June 1, 2020 - Author: Matthew J. Grieshop, Diane Brown, Rufus Isaacs, Julianna Wilson,

Pest background

Spotted wing drosophila (SWD), Drosophila suzukii, is a relatively recent and serious pest of wild and cultivated berries (e.g. strawberries, blueberries, raspberries, blackberries) and cherries. It was first detected in California in 2008 and in Michigan in 2010. It is now present throughout much of the world. While SWD is similar in appearance to other vinegar flies, the SWD female possesses a saw-like ovipositor that allows it to lay eggs in ripening as well as rotting fruits. Fruit are susceptible to SWD when they begin to color until they are harvested. Eggs hatch inside the fruit, and the small white larvae feed, eventually causing fruit to collapse. Eggs develop into adults in as little as 8 days and individual females can lay more than 300 eggs, allowing populations to increase rapidly.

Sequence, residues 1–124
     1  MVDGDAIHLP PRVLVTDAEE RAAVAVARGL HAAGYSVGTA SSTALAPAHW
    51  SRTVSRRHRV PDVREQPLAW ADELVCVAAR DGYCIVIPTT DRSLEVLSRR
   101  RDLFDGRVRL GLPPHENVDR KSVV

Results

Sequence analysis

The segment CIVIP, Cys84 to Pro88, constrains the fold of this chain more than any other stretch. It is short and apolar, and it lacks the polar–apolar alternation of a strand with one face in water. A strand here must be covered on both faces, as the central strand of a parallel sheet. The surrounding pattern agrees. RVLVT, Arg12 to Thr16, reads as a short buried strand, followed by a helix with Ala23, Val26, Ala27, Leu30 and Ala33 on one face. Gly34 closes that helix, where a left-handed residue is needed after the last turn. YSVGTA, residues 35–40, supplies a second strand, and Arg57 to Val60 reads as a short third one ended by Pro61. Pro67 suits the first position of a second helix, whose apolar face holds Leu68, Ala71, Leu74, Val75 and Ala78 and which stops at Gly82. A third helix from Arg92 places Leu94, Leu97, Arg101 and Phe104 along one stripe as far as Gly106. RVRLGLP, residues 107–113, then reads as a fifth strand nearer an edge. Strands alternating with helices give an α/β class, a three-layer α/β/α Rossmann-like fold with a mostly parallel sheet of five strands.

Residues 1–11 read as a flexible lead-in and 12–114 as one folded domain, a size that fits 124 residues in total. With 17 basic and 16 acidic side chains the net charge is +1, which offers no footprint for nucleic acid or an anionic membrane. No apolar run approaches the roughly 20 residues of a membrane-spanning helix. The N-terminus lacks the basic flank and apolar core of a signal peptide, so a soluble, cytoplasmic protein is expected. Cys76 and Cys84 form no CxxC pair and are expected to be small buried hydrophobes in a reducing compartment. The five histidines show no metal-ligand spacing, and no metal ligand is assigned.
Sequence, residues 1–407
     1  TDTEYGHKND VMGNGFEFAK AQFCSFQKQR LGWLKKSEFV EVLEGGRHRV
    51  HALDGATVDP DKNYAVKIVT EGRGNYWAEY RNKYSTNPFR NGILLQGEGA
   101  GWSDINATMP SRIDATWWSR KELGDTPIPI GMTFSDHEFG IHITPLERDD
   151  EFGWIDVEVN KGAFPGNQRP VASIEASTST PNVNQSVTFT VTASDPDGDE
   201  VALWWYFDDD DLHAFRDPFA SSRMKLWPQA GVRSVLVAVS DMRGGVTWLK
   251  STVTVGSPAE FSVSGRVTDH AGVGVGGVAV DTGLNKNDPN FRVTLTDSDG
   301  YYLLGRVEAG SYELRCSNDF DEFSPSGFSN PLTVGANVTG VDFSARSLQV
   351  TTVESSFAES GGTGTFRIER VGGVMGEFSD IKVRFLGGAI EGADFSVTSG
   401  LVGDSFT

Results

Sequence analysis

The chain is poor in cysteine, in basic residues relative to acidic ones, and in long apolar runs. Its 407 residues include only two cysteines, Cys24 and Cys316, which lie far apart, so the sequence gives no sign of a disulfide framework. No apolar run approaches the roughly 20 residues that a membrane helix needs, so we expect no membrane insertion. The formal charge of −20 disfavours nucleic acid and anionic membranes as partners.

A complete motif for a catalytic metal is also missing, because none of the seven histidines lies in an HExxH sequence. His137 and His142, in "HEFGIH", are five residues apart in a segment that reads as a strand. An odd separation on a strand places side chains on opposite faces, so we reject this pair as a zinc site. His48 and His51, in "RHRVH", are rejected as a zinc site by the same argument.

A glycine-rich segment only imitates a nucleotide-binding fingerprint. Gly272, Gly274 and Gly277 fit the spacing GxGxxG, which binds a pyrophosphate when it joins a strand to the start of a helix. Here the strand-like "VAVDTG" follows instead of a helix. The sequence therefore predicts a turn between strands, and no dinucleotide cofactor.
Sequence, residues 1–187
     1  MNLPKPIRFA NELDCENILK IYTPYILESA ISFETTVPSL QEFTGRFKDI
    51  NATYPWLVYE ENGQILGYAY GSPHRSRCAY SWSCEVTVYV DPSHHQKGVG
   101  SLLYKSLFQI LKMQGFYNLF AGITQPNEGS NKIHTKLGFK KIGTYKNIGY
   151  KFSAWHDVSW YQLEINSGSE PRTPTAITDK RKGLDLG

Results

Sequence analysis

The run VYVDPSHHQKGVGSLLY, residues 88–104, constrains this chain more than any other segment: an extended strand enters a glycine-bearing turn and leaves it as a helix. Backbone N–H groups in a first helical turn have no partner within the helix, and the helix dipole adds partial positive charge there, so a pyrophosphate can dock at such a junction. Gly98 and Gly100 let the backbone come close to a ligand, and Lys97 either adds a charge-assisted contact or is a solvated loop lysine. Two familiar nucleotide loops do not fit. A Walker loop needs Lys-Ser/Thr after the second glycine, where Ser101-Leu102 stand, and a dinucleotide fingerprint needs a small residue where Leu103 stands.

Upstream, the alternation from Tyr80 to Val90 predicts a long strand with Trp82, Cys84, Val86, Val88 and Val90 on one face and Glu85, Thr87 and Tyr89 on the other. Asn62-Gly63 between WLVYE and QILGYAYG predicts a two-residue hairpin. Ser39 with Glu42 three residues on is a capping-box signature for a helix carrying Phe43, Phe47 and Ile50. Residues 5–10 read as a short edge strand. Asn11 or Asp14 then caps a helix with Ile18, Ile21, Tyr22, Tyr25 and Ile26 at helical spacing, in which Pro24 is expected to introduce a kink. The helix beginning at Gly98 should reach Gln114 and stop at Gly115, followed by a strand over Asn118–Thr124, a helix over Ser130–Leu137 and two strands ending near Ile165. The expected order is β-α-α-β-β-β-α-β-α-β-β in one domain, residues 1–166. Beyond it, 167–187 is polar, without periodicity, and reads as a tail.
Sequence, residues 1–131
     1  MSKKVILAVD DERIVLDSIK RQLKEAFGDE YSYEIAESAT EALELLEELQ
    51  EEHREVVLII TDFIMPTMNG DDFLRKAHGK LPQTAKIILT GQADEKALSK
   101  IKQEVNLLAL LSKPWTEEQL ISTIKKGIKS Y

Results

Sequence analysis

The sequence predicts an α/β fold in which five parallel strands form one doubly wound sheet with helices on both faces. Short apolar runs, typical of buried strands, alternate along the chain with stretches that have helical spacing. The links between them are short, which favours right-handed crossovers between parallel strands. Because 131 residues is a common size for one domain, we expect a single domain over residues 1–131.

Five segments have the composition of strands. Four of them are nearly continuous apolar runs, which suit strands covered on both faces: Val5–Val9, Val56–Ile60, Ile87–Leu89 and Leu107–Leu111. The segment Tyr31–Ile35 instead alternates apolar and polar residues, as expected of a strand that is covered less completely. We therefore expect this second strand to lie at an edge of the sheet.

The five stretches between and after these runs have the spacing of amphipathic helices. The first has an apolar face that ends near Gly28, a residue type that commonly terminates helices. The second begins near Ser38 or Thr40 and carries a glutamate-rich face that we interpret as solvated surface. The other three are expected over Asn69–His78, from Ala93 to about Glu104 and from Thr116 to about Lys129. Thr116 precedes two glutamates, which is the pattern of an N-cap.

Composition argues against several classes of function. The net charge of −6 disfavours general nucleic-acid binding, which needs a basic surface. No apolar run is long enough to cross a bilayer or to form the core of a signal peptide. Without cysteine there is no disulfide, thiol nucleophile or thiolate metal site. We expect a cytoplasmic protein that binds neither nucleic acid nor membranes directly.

Identifying SWD and their damage

Adult SWD are 2-3 mm (5/64-1/8 inch) long, yellow to golden brown in color, with red eyes, and rounded abdomens. Male (but not female) SWD have a distinctive black spot near the tip of each wing, while females have a serrated ovipositor used to deposit eggs into developing fruit (Fig. 1). Larvae are off-white and grow from 0.1 mm when they hatch to 2-3 mm when mature. Larvae develop rapidly and are typically visible within 3 days of hatching. Larval feeding causes rapid break down of fruit tissues (Fig. 2). Mature larvae form a brown pupal case before transforming into adult flies.


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